March 13, 2019
Certified Questions from the United States Court of Appeals
for the Fifth Circuit
W. Green Justice
opinion we consider two questions certified to this Court by
the Fifth Circuit Court of Appeals: (1) Is a plasma
collection center a "public facility" under Texas
Human Resources Code (THRC) section 121.002(5), and if so,
(2) what standard applies for determining whether a public
facility's rejection of a person with a disability
constitutes impermissible discrimination under the THRC? We
hold that a plasma collection center is a "public
facility" under section 121.002(5). We further hold that
a plasma collection center may reject a person with a
disability-eliminating their opportunity to donate plasma and
receive compensation-without committing impermissible
discrimination under section 121.003(a) when: (1) the plasma
center's rejection does not meet the THRC's
definition of "discrimination" or satisfies an
exception to the definition of "discrimination,"
such as the application of eligibility criteria that screen
out persons with disabilities, but are shown to be necessary
for the provision of services; or (2) the defendant
establishes that allowing the person with a disability full
use and enjoyment of the public facility would pose a direct
threat to the health or safety of others. See 42
U.S.C. § 12182(b)(2)(A)(i), (b)(3).
Plasma, Inc. operates plasma collection centers across the
United States. At these centers, CSL extracts the donor's
blood, separates the donor's plasma from the red blood
cells, and then returns the red blood cells to the
donor's bloodstream. After this extraction process, CSL
compensates the donor,  processes the plasma to create a
marketable plasma byproduct, and ultimately sells this
byproduct to pharmaceutical companies. The federal Food and
Drug Administration (FDA) regulates this plasma extraction
process. The FDA licenses and audits plasma collection
centers. Under the FDA's regulations, CSL must screen all
potential donors to determine whether each individual is
eligible to donate. See 21 C.F.R. § 630.10.
During the screening, potential donors answer health-related
questions, and CSL's medical staff, referring to
CSL's medical guidelines, determine their eligibility by
checking their vital signs and considering their medical
history, current medications, and whether they have recent
tattoos. For example, CSL's medical guidelines on
eligibility provide that if a potential donor suffers from
anxiety requiring the use of a service dog, he or she is
ineligible to donate. CSL's medical staff is permitted to
contact CSL physicians to discuss particular potential
donors. Individuals who fail the screening are deferred,
meaning they are not permitted to donate and receive no
compensation. Mark Silguero and Amy Wolfe were potential
donors at CSL.
suffers from bad knees and uses a cane. CSL and Silguero
agree that Silguero qualifies as a person with disabilities
under the Americans with Disabilities Act (ADA) and the THRC.
Silguero had previously donated plasma at CSL between January
and April 2014. Silguero attempted to donate again on January
2, 2015. At that time, the condition of Silguero's knees
had worsened to the point of needing knee replacements.
Silguero went through CSL's donor-screening process, and
CSL informed him that he would be deferred and unable to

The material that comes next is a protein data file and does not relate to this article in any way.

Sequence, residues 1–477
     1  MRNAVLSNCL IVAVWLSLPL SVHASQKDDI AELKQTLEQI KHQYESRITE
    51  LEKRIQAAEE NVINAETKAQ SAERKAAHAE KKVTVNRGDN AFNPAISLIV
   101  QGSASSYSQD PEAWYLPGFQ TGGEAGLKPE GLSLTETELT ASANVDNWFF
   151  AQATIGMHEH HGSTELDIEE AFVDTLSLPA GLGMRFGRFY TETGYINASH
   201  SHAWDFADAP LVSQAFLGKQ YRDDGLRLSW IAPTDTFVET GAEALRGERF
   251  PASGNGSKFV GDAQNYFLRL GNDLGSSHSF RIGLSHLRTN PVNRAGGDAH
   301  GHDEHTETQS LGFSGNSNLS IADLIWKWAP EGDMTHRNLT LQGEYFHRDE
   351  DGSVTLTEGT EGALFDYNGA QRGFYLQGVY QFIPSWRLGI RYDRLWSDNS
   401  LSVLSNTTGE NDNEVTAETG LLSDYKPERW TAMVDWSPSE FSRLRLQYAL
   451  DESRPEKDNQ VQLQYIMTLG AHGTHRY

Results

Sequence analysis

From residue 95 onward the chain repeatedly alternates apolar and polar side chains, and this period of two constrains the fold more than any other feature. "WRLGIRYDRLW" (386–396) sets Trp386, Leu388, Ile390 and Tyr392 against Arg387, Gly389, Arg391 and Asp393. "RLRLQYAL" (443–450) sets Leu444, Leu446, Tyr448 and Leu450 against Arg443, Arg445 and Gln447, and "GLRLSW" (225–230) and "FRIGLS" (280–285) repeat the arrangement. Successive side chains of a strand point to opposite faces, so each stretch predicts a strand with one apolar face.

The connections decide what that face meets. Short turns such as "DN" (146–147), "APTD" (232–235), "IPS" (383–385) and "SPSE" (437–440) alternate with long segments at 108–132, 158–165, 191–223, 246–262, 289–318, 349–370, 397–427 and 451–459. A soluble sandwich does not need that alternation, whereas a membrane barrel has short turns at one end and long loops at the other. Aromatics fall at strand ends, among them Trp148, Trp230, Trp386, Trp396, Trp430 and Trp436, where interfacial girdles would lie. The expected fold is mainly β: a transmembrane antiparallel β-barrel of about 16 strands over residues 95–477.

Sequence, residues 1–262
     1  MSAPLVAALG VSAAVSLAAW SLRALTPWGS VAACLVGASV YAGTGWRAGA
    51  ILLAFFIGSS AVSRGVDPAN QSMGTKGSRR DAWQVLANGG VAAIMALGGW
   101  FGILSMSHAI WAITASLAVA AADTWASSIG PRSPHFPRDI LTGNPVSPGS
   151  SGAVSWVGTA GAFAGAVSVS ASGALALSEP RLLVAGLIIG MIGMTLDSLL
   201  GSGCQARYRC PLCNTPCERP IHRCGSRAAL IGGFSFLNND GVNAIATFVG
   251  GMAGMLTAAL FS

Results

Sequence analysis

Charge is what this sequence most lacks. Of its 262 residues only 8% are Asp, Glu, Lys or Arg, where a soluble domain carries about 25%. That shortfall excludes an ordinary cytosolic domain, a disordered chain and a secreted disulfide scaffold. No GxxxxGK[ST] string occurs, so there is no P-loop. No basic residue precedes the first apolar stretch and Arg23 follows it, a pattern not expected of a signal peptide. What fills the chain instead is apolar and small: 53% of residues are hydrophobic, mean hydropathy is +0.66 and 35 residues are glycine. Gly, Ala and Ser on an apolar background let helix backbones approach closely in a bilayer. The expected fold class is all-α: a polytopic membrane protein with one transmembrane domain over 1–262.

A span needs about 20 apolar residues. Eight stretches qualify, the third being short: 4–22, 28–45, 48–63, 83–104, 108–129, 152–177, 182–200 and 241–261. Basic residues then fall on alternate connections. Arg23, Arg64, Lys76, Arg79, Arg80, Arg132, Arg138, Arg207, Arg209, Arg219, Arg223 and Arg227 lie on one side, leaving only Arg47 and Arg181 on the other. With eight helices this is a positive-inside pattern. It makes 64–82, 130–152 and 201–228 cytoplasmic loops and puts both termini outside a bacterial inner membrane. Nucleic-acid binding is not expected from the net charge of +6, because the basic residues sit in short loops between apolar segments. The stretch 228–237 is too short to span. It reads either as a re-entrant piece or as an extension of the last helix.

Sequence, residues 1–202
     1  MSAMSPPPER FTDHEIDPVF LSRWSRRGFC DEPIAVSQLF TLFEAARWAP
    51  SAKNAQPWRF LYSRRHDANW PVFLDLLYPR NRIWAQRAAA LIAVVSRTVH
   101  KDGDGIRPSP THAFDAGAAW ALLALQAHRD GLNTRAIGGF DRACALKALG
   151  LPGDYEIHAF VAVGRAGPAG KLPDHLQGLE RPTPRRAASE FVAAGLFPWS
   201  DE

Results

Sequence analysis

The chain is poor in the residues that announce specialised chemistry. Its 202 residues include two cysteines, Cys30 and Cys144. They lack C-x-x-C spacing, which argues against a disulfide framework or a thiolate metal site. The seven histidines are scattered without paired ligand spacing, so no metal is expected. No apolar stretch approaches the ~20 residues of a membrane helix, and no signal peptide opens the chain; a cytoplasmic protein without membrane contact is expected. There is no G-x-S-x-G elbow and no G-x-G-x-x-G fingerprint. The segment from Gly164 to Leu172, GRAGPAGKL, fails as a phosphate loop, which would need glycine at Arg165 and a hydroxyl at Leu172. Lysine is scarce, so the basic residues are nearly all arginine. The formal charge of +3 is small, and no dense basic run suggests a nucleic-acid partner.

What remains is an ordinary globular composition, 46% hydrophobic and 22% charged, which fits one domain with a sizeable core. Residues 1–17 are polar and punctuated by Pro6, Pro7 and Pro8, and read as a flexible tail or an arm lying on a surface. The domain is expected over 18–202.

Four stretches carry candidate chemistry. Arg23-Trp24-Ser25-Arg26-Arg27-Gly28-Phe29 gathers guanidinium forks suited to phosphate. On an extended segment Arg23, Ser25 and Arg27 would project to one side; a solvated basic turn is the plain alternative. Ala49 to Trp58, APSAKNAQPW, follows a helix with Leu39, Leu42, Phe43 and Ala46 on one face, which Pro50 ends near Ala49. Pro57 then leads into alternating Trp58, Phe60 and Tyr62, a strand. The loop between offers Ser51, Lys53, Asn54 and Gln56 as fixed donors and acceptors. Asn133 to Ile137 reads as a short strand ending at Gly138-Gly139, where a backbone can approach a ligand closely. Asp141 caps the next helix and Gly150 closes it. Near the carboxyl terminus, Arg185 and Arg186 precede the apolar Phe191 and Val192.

donate that day. Silguero claims he was deferred because of
his "unsteady gait" and because CSL believed that
he could not transfer safely to and from the donation bed.
Silguero became upset, shook his finger at the medical staff,
and told them they would be sorry. As a result, CSL deferred
Silguero permanently, banning him from donating at CSL.
suffers from an anxiety disorder and utilizes a service dog
to improve her symptoms. Having never donated at CSL before,
Wolfe went to CSL to donate plasma on October 9, 2016. Both
CSL and Wolfe agree that Wolfe qualifies as a person with a
disability under the ADA and the THRC. CSL did not allow
Wolfe to donate because she required a service animal to
treat her anxiety. In deferring her, CSL relied on its
guidelines that a person is ineligible to donate if they
suffer from anxiety requiring the use of a service dog.
Silguero filed suit against CSL in federal court on August
24, 2016, alleging unlawful discrimination on the basis of
his disability. He sought injunctive relief under Title III
of the ADA and both injunctive relief and damages under
chapter 121 of the THRC. The district court allowed Wolfe to
intervene as a plaintiff on March 28, 2017, because her
claims against CSL for disability discrimination presented
common questions of fact and law. On August 14, 2017, each
side moved for summary judgment. CSL argued that it was
neither a place of "public accommodation" under the
ADA, because it did not qualify as a "service
establishment," nor a "public facility" under
the THRC. It further asserted that Silguero and Wolfe
(collectively, the "plaintiffs") could not
establish a genuine issue of material fact as to whether CSL
fell under the ADA or THRC. The plaintiffs argued that a
plasma collection center falls within the plain meaning of
"service establishment" under the ADA because it is
simply an establishment that provides a service. The
plaintiffs cited a Tenth Circuit Court of Appeals case in
support of this argument. See Levorsen v. Octapharma
Plasma, Inc., 828 F.3d 1227, 1234 (10th Cir. 2016)
(holding that a plasma collection center was a "service
establishment" under the ADA). Under the THRC, the
plaintiffs argued that a plasma collection center qualifies
as a retail business and commercial establishment to which
the general public is invited or, alternatively, as an
"other place of public accommodation."
district court granted summary judgment in favor of CSL. No.
2:16-CV-361, 2017 WL 6761818, at *1 (S.D. Tex. Nov. 3, 2017)